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Odontocetes - the toothed whales.
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Cetacean Conservation under the Convention on Migratory Species

Cetacean conservation is a crucial component of the work of the Convention on the Conservation of Migratory Species of Wild Animals (CMS), which aims to conserve and manage avian, aquatic and terrestrial migratory species, as well as their habitats, throughout their range.

As a global environmental treaty, CMS organises transboundary cooperation for species migrating across or outside national boundaries, such as cetaceans. It provides the legal framework for conservation measures throughout the migratory range and strives to maintain or restore a favourable conservation status of the species and their habitats in order to facilitate, where applicable, sustainable use. The Convention provides a platform to develop and tailor measures according to particular conservation needs. This is achieved through a variety of instruments.


A key instrument of the Convention is the listing of species on one or both of the two Appendices, which are updated at every meeting of the Conference of Parties. It is possible a) for a species to be listed on both Appendices of the Convention, b) for the species as a whole to be listed on one Appendix and a particular population to appear on the other or c) for just a particular population to be listed.

Appendix I contains migratory species that are endangered - that means in danger of extinction throughout all or a significant portion of their range. Provided that there is reliable scientific evidence available that a species is endangered, a migratory species may be listed on Appendix I. Parties that are Range States for Appendix I species endeavour to conserve and restore habitats; to prevent, remove, compensate for or minimise, as appropriate, the adverse effects of activities or obstacles, which prevent or impede migration; and to prevent, reduce or control factors that endanger the species. Taking of specimens of Appendix I species is generally prohibited and Parties allowing exceptions must inform the Secretariat.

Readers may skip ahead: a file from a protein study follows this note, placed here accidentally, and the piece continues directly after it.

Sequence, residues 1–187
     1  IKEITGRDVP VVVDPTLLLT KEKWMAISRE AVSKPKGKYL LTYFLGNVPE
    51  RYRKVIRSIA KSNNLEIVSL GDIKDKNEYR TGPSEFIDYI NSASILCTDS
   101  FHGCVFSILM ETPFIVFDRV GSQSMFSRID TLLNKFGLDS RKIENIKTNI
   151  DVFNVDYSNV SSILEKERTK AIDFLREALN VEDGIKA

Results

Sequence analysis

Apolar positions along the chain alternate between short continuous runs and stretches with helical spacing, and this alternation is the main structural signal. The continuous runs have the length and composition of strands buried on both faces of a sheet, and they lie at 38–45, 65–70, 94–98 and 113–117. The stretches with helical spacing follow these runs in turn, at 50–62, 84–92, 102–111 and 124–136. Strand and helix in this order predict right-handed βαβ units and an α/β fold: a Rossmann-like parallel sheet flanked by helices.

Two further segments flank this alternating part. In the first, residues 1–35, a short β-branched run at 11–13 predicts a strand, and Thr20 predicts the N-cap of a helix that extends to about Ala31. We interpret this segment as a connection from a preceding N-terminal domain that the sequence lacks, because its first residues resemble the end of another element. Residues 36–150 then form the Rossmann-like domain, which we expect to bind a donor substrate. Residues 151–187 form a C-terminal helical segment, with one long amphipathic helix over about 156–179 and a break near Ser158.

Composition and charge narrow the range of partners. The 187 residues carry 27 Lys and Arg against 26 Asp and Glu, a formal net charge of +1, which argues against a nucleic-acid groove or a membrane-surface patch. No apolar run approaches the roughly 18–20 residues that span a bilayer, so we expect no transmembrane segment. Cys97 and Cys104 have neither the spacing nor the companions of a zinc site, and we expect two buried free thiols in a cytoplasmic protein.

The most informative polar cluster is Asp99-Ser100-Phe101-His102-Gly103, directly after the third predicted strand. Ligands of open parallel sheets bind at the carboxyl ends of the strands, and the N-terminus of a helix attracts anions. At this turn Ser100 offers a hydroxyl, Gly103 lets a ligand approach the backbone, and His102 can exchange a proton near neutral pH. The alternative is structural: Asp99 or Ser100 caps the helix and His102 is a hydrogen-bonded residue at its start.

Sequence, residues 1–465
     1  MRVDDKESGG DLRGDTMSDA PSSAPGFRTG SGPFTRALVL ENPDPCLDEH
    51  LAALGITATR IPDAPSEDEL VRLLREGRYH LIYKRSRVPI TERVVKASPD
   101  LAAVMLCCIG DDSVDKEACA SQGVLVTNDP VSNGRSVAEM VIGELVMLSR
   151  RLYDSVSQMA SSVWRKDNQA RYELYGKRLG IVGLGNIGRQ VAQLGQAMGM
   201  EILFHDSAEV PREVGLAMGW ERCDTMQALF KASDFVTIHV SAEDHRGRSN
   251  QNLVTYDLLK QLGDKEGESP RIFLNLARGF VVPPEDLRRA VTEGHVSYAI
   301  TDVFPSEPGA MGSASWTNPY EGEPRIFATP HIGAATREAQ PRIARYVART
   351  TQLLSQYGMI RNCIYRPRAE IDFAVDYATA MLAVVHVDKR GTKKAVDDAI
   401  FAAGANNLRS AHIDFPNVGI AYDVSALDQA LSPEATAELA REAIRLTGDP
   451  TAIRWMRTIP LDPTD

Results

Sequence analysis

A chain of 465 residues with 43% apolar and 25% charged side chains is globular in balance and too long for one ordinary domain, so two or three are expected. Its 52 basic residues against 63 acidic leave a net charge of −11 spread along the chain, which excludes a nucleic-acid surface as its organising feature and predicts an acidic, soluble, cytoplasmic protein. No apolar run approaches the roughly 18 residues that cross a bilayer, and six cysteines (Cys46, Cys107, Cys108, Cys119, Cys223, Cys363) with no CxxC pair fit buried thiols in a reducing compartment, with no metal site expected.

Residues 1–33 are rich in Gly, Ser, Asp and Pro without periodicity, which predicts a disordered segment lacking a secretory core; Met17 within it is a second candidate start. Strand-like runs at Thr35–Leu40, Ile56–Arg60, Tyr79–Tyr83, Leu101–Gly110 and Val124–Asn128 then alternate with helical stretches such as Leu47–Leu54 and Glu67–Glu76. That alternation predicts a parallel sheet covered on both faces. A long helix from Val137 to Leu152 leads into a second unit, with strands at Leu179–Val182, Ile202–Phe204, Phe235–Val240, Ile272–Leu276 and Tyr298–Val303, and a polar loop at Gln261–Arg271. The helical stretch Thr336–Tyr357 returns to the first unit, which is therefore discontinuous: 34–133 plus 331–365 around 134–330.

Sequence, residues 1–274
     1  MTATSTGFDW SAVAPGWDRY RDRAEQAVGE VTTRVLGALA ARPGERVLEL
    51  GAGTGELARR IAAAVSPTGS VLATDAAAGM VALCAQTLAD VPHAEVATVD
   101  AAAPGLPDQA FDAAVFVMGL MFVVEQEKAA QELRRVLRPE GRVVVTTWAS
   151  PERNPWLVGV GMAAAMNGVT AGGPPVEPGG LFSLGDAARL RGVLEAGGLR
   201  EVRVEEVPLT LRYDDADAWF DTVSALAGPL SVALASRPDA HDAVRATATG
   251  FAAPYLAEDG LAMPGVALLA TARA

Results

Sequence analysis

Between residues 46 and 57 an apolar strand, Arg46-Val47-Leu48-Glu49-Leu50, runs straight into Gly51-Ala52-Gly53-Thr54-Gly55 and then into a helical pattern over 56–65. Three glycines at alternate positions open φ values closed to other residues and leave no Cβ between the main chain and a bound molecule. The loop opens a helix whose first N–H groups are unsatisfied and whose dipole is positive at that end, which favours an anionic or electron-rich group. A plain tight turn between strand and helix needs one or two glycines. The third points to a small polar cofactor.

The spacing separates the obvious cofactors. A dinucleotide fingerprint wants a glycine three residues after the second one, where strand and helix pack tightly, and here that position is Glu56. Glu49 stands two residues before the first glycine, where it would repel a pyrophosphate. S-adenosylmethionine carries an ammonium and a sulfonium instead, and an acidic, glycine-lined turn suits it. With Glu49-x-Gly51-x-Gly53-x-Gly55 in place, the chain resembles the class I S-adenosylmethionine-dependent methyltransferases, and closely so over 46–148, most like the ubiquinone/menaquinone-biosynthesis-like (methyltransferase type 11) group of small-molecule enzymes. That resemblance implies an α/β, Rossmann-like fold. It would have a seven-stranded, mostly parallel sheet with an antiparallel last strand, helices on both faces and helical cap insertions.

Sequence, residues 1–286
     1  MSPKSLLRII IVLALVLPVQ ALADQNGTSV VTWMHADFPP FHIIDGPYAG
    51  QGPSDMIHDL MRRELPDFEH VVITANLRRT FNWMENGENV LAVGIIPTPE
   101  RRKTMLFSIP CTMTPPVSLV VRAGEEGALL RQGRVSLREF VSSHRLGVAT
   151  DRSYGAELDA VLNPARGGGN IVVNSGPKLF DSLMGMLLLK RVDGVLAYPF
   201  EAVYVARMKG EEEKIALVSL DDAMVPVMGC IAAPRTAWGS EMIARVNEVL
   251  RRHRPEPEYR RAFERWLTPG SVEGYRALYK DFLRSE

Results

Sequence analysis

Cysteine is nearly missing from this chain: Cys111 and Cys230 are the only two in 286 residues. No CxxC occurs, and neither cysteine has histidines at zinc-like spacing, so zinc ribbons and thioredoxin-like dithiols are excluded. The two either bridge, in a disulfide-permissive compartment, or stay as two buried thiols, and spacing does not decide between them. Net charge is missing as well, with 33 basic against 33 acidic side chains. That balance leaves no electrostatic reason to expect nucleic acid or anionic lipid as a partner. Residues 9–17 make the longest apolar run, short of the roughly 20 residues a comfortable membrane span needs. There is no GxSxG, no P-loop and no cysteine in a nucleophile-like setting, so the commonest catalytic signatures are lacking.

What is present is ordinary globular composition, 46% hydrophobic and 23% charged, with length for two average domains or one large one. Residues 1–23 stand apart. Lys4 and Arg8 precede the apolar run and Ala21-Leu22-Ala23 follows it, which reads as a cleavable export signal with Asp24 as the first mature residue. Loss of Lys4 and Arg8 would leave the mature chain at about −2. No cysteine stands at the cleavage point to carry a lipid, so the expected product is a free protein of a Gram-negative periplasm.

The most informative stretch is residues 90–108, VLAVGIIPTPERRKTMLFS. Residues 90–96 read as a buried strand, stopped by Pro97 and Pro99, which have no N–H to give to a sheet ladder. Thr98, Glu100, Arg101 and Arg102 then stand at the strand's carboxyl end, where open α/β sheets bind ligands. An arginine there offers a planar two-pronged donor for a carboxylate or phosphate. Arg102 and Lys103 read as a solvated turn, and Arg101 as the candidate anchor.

Following its amendment at the 9th Meeting of the Conference of Parties, held in Rome, Italy, in December 2008, Appendix I lists the following 15 cetacean species:

Toothed whales (Odontoceti):
· Sperm whale (Physeter macrocephalus)
· Ganges river dolphin / Susu (Platanista gangetica gangetica)
· Franciscana / La Plata dolphin (Pontoporia blainvillei)
· Short-beaked common dolphin (Delphinus delphis) - only Mediterranean population
· Common bottlenose dolphin (Tursiops truncatus ponticus) - Black Sea population
· Irrawaddy dolphin (Orcaella brevirostris)
· Atlantic humpback dolphin (Sousa teuszii)

Baleen whales (Mysticeti):
· Sei whale (Balaenoptera borealis)
· Fin whale (Balaenoptera physalus)
· Blue whale (Balaenoptera musculus)
· Humpback whale (Megaptera novaeangliae)
· Bowhead whale (Balaena mysticetus)
· Northern right whale (Eubalaena glacialis) - North Atlantic
· North Pacific right whale (Eubalaena japonica) - North Pacific
· Southern right whale (Eubalaena australis)

Appendix II contains species with an unfavourable conservation status that would significantly benefit from the international co-operation that could be achieved through an international agreement for their conservation and management. Parties that are Range States of Appendix II species are therefore encouraged to conclude agreements for the conservation and management of those species or geographically separate populations of those species.

Appendix II, as amended at the 9th Meeting of the Conference of Parties in December 2008, lists the following 43 cetacean species:

Toothed whales (Odontoceti):
· Sperm whale (Physeter macrocephalus)
· Ganges river dolphin / Susu (Platanista gangetica gangetica)
· Franciscana / La Plata dolphin (Pontoporia blainvillei)
· Amazon river dolphin / Boto (Inia geoffrensis)
· Beluga / White whale (Delphinapterus leucas)
· Narwhal (Monodon monoceros)
· Harbour porpoise / Common porpoise (Phocoena phocoena) - North and Baltic Sea, western North Atlantic, Black Sea and North West African populations
· Burmeister's porpoise (Phocoena spinipinnis)
· Spectacled porpoise (Phocoena dioptrica)